Recognizing gaps and obstacles: Delegates reached consensus on a paragraph that takes note, with great concern, of the current conditions of human settlements worldwide. They added language referring to lack of legal security of tenure, and noting that poverty remains a core obstacle. One delegate suggested text on gender aspects of poverty. Delegates agreed to include this in a new paragraph.

Delegates debated a new paragraph recognizing political will as the first and foremost obstacle to implement the Habitat Agenda, but delegates recognized: other equally important obstacles to implementation; other factors hindering implementation where political will exists; that the proposal was prescriptive; and that discrepancy was not between commitments and political will, but between commitments and their fulfillment. After informal consultations, delegates agreed to merge the proposal with the paragraph on gaps in public information. The new paragraph: notes with concern that one of the basic obstacles to the implementation of the Habitat Agenda is the discrepancy between commitments made in Istanbul and the political will to fulfill them, and acknowledges the gaps in both public information and awareness-raising as impediments. The subcommittee continued discussions into the night.

Undertaking Further Actions: During general remarks on this section, a representative of the LOCAL AUTHORITIES lamented the absence of the world charter on local self-government. She called for establishing an intergovernmental forum to consider formalizing a framework for effective decentralization processes.

During negotiations on overcoming obstacles and undertaking further actions to ensure implementation of the Habitat Agenda, delegates agreed to a proposal to highlight poverty as the major underlying obstacle to implementation.

Bangladesh, facilitator of consultations on the family, reported that a compromise package deal consisting of three paragraphs had been reached, comprised of Habitat Agenda language from paragraphs 31, 40(k) and 119 (e), respectively. The first reaffirms that the family is the basic unit of society and should be strengthened, and notes that in different cultural, political and social systems, various forms of the family exist. The second addresses a poverty eradication strategy encouraging policies designed to meet housing needs of families. The third refers to promoting changes in attitudes, structures, policies and laws and other practices related to gender, in order to eliminate obstacles to human dignity and equality in family and society. One regional group could accept the package with the understanding that references to the family would not be included in other paragraphs of the declaration. A number of delegations opposed putting conditions on amendments others might offer. The regional group then bracketed the three paragraphs, pending resolution of the rest of the text in the declaration. The African Group proposed a paragraph requesting, inter alia, the establishment of a world solidarity and poverty reduction fund, but no consensus was reached. Delegates agreed to a paragraph on raising awareness about human settlements' challenges and solutions through full and open dissemination of information.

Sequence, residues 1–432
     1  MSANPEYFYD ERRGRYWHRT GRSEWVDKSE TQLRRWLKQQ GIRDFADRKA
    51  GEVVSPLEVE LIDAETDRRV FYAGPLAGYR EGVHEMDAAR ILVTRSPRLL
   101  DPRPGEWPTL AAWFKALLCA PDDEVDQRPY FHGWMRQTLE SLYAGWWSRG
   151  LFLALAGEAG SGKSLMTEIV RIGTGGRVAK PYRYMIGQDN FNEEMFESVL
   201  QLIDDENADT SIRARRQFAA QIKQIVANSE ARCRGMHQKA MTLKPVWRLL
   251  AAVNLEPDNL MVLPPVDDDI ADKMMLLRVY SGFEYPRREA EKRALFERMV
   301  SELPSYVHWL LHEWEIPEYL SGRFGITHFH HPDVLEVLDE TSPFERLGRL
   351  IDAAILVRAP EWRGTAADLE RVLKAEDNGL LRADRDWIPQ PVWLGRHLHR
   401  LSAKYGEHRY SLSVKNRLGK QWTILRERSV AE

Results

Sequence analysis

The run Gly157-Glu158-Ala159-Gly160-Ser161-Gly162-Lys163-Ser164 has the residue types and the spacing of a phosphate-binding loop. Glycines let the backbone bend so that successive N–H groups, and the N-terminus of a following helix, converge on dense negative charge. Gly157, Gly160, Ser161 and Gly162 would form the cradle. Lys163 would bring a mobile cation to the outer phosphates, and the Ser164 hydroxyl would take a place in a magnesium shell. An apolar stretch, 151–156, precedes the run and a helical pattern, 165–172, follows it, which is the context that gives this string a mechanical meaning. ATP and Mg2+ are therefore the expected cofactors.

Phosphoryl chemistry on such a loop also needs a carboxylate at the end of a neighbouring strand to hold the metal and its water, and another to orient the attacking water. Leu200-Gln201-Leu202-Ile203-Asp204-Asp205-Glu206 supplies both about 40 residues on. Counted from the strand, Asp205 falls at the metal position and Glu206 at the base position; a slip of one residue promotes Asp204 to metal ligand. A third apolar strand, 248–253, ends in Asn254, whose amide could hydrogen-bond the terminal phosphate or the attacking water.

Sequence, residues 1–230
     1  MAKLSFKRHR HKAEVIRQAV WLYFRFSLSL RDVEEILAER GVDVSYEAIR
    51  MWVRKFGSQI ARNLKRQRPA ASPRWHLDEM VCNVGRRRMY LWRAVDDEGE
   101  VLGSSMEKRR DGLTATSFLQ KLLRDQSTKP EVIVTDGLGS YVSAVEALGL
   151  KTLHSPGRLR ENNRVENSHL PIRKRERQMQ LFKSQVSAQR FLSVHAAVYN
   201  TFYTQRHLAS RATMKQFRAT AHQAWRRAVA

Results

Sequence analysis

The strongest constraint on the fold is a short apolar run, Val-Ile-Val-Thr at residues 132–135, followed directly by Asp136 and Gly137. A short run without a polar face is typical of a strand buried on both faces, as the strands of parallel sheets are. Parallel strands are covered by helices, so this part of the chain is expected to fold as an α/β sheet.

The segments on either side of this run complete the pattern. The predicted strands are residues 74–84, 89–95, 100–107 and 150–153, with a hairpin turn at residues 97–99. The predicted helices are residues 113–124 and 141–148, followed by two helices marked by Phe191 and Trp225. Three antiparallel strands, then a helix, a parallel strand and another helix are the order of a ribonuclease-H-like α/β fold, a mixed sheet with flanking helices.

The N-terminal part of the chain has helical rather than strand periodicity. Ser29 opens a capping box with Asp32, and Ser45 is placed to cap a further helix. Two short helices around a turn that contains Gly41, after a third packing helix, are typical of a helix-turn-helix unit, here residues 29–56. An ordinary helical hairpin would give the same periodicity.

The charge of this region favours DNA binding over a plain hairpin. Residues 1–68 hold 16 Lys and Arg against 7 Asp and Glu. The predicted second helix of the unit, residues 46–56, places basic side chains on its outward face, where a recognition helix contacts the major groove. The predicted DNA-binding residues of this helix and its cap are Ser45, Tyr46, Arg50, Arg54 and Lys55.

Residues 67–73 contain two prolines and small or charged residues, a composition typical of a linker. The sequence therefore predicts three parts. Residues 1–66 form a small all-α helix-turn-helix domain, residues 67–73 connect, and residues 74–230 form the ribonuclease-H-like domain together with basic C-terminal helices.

Regarding a paragraph addressing decentralization, delegates agreed to text empowering local authorities, NGOs and other Habitat Agenda partners to play a more effective role in shelter and human settlements planning and management. Delegates agreed to text reflecting that a more effective role can be achieved through, inter alia, effective decentralization, where appropriate, and sufficient resources, where possible including revenue collection authority. Delegates agreed to include language on ensuring the role of women in decision-making. A reference to the world charter on local self-government was deleted and alternative proposals were put forward. The EU proposed language on establishing an intergovernmental forum to deliberate on guiding principles of local self-government. Others opposed, preferring to undertake further deliberations on all issues related to effective decentralization and strengthening of local authorities. Both proposals remain bracketed.

An EU proposal on empowering the poor and vulnerable through, inter alia, greater security of tenure, was agreed. To a GRULAC proposal on metropolitan coordination, Chair Konukiewitz proposed, and all accepted, replacing coordination with planning. One delegate called for deleting reference to "local" authorities, which was agreed. Delegates also agreed to a paragraph on capacity building, which emphasizes, inter alia, management, decentralization and participation. References to individuals, families and organized communities were debated, but not included.

Regarding a proposal on volunteer work, one delegate suggested adding language on acknowledging and valuing the work of voluntary and community-based organizations. Another added reference to individual voluntary work. All agreed to replace reference to social capital with reference to social solidarity. With these changes, the paragraph was agreed.

Regarding the paragraph on financing shelter, delegates considered references to improving existing shelters, regulatory and legal frameworks, and strengthening existing financial mechanisms. One delegate proposed language on recognizing the needs of women. Several proposed, while others opposed, inclusion of reference to family. One country suggested text on resolving to undertake legislative and administrative reforms to give women full and equal access to economic resources. Another added the phrase "consistent with our legal authority." With these modifications, the paragraph was agreed to.

Editors Note: The ENB's coverage of the Drafting Committees ended at 10:00 pm.


A low key "don't ask don't tell" informal agreement that allowed NGOs and local authorities back into the negotiations reverberated through the breezeways. In what nearly turned into what one participant referred to as a "wild day," NGOs wearing red arm bands to protest Wednesday's decision to lock them out of the informal negotiations met with the PrepCom Chair and UNCHS Executive Director to discuss the decision. Most participants were tight-lipped about the agreement reached, but it was apparent that delegates had agreed to keep the negotiations open even though the option to close them remains at their discretion, in keeping with rules of procedure. With procedural issues resolved and with coffee in hand, delegates proceeded to work late into the night.


PLENARY: The Plenary is scheduled to meet in the afternoon to receive the reports of the Committee of the Whole and the Drafting Committee, and to adopt the report of the session. Refer to the journal for the time.

DRAFTING COMMITTEE: The Drafting Committee is expected to meet in the morning to hear the results of the subcommittee and conclude its work. Refer to the journal for the time.